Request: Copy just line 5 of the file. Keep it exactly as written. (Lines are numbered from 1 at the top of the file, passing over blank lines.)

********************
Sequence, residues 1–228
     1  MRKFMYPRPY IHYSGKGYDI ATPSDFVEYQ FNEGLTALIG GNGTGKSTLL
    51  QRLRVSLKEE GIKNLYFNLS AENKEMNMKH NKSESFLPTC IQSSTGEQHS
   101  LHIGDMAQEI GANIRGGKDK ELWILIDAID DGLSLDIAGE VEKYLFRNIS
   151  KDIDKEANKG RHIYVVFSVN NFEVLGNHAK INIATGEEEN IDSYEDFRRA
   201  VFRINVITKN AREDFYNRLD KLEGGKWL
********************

   151  KDIDKEANKG RHIYVVFSVN NFEVLGNHAK INIATGEEEN IDSYEDFRRA